As children, we all learned the fate of the dinosaurs, or at least history’s interpretation of it. We learned from a book, through documentaries or, if we were lucky, by visiting a museum with exhibits to look at and, maybe even touch. So what would a museum dedicated to our own extinction look like 65 million years from now? Boom, written by Peter Sinn Nachtrieb, explores this subject in amusingly farcical style.
Boom is only just reaching the U.K. after being the most produced play in America from 2009 to 2010. Why? I’m not sure, maybe it’s the fact that it’s relatively easy to stage with one set and three characters, or perhaps it was the spate of apocalyptic movies that were around at the time. In any case it’s premiere at Theatre 503, and directed by Katherine Nesbitt, is long overdue.
Jules is a rather socially awkward marine biologist who has spotted some unusual sleeping patterns amongst fish, while carrying out research on a tropical island. This has led him to conclude that a meteorite is on a collision course with earth and will wipe out all life. He’s right. In preparation he has kitted out an underground lab at his university and plans to repopulate earth.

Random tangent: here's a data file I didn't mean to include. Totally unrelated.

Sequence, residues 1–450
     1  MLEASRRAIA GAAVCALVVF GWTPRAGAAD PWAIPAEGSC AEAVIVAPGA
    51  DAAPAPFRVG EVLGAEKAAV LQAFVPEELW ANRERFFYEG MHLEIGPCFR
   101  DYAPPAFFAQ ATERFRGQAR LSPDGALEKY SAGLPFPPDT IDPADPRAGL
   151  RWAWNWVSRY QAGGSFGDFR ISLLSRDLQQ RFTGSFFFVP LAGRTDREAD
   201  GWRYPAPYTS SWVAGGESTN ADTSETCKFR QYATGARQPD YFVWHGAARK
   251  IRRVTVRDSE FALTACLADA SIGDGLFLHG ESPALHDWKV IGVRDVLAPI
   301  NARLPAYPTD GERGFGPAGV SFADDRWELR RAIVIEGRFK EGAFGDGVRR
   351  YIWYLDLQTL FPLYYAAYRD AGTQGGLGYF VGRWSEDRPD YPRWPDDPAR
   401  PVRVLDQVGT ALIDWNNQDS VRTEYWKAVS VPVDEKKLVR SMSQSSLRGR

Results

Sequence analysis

He advertises online for “sex to change the course of the world”. Journalism student, Jo (Nicole Sawyerr) is the only person to respond, but is quite shocked to find out he meant it literally. The problem is Jules is gay and Jo doesn’t want children so, the plan fails before it’s even begun. While it all feels very real to them we’ve discovered that they are merely exhibits in this futuristic museum. It is name-badge toting, uniform wearing, employee Barbara who is really pulling the strings, or levers to be more precise. But boy does she have her own problems to deal with!
Boom a surreal fantasy drawing on plenty of sci-fi inspiration. There’s a strong cast; Will Merrick as Jules comes across particularly well, especially with his very physical performance, and Mandi Symonds gets plenty of laughs as Barbara.
Different! Declared an audience member as the applause died down, and it is very different, but thoroughly enjoyable too. As a species we are fascinated by our origins, but also our inevitable demise, why else would learn about dinosaurs or make movies about our own annihilation.